As a serial entrepreneur, I am well aware that many small start-up businesses will fail in the first five or ten years, usually to the tune of eighty percent or more. But those that make it tend to grow astronomically and yield returns to the tune of the thirty, sixty and hundredfold. It does not take but the two out of ten that succeed to more than offset the funds invested in those that fail. But even then, the monies invested in the failures inject capital into the lowest levels of the economy that human creativity will eventually find a way to put to work more effectively. The key is that those at the bottom, hungry to succeed, will find creative ways to claw their way up the economic ladder if they have a little capital springboard from which to launch.
There are a multitude of economically-empowering initiatives being put into place around the world to allow the poor the opportunity to grow their own futures. And their success will trickle up to increase the wealth of those already higher up the ladder….all boats rise. The challenge to the church is stark: can we overcome our fear, which is a form of unbelief, of distrusting God for our provision, and invest in the risky business ventures of the poor?
In a previous essay, “A Brief Theology of Profit-Making,” I argued that profit is not the aim of the marketplace Christian. Rather, our first priority is righteousness as we follow and cling to Christ for our security and hope. Joseph, Daniel, and David were not seeking to become wealthy but their righteousness led them to success in Egypt, Babylon, and Israel. Profit follows righteousness more than it follows fear.
The church is standing at the precipice of an opportunity to demonstrate the glory of God to the world in unprecedented ways. Given the current global economic turmoil, the wealthy of the church, those with invested retirement funds, those who own multiple homes, those purchasing new cars ever year or two, have an opportunity to drive an economic witness to the world that would have been all but impossible even one hundred years ago.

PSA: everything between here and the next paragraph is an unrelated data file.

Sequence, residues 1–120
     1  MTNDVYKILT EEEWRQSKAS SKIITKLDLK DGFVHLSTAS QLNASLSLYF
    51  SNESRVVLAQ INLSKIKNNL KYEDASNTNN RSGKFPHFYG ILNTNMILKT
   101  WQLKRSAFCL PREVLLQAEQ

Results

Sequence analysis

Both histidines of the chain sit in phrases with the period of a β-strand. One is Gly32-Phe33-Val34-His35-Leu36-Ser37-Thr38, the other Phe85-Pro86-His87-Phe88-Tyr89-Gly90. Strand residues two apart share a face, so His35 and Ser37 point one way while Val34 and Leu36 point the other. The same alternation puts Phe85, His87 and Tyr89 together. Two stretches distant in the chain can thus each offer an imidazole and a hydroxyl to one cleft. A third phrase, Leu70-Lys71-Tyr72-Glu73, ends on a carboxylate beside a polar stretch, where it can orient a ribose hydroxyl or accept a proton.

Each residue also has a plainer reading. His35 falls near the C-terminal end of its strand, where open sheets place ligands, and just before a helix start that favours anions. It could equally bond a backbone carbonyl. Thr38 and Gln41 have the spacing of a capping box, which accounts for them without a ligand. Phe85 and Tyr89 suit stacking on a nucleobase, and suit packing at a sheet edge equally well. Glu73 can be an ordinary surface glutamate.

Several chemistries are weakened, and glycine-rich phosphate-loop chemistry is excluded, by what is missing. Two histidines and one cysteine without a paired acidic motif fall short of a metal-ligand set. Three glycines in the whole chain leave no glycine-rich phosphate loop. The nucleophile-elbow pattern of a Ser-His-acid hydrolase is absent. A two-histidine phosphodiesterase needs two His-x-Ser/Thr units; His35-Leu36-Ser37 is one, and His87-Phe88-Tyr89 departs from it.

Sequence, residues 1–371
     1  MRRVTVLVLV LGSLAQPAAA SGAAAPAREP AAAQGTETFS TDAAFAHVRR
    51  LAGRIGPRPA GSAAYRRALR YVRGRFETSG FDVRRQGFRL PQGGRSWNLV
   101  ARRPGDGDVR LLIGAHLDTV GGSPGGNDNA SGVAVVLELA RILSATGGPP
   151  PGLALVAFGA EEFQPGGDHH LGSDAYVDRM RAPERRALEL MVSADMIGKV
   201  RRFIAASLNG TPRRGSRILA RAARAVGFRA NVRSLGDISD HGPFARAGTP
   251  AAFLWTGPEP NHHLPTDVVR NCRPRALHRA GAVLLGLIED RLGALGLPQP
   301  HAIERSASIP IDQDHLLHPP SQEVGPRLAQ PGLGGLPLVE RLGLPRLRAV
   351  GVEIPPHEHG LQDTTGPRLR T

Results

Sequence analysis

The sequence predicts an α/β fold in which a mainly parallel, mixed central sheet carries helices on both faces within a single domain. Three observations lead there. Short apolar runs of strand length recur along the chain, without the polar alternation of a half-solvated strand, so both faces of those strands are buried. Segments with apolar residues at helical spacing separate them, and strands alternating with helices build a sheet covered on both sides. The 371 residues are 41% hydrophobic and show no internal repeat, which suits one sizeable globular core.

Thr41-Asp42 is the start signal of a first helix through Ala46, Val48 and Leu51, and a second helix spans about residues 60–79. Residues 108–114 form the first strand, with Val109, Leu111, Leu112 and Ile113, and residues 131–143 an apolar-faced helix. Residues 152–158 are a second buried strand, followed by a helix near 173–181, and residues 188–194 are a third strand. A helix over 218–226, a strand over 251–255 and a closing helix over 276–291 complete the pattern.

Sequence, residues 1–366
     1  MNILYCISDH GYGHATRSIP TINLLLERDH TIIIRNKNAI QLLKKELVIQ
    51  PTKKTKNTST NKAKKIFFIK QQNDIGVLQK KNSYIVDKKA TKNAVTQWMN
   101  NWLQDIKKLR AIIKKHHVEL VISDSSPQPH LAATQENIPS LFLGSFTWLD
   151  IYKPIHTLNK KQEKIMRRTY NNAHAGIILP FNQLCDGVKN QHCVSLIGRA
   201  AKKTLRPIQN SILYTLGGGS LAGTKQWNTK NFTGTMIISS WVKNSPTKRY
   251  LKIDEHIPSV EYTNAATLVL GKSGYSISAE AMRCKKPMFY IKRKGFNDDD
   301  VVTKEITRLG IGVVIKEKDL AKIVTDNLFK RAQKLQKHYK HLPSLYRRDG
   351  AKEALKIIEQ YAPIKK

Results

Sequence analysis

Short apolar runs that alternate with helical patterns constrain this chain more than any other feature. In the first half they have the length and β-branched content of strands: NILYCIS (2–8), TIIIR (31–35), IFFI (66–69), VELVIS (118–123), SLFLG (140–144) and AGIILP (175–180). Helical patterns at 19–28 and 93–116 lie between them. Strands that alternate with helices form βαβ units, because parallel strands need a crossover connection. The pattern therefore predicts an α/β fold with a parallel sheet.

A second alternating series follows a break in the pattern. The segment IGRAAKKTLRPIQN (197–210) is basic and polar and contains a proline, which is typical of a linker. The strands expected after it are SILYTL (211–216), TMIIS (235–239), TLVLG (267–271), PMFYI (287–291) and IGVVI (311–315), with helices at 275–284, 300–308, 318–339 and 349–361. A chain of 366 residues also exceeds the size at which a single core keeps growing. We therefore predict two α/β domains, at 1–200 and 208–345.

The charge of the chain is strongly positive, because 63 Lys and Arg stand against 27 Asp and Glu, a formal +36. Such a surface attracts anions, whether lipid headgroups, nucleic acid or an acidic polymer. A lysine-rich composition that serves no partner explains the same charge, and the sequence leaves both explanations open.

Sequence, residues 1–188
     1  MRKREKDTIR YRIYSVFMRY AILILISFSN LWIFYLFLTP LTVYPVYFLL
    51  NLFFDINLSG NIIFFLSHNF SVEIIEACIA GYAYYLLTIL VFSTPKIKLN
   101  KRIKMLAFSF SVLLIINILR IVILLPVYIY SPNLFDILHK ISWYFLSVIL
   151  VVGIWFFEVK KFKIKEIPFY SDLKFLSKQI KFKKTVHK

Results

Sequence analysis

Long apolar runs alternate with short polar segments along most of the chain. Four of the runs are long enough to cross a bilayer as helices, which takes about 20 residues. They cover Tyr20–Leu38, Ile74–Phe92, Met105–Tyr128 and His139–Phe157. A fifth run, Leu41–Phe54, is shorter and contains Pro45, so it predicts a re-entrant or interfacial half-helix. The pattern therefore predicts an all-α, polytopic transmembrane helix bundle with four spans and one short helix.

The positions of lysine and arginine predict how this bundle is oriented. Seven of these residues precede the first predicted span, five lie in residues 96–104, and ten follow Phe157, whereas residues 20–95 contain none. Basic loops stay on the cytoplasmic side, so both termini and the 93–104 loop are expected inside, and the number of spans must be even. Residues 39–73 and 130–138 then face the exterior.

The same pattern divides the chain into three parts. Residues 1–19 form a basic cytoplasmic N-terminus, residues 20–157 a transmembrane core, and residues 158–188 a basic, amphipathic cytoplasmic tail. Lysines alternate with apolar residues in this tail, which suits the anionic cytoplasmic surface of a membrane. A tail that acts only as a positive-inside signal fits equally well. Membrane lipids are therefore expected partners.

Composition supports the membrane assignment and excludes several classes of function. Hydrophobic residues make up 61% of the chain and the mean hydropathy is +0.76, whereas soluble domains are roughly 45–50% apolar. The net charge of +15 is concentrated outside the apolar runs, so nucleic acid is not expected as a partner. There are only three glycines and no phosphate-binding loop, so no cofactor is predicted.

Globalization and electronic communications present opportunities to increasingly connect producers and markets, to shout from the house top of the glory of our God, to live in righteousness, investing in the least of these, to show the world that our God reigns. With or without our individual assent or participation, God is moving in the marketplace. He will glorify Himself and He is inviting us to take part. Jesus said, “They will know you are my disciples by your love for one another.” Love goes far beyond the utterance of “be warm and well fed” or prayers whispered in our closets. Love is active…just as active as Christ willingly sacrificing His own life on a Cross.
What are you investing in today? Worldly security or a challenging faith? Are you a Mustard Seed economist, willing to put faith to the test? Invest wisely, as one day all accounts will be reviewed.
3 responses to “Mustard Seed Economics”
Free info like this is an apple from the tree of knwoeldge. Sinful?
@ Cady – It was not knowledge that was sinful but the self-righteous determination of right and wrong. Adam and Eve chose to create their own morality by disobeying God, hence their fall from grace by eating from the Tree of the Knowledge of Good and Evil.
My writing is the product of nine years’ research and always ongoing. I hope to post a “bookstore” here on the blog site that will include much (by author and title) of what I have read in my work. The essays are synthesizing a very broad view so if there are specifics that you want to ask about, I may be able to recommend a short list of reading for deeper reading.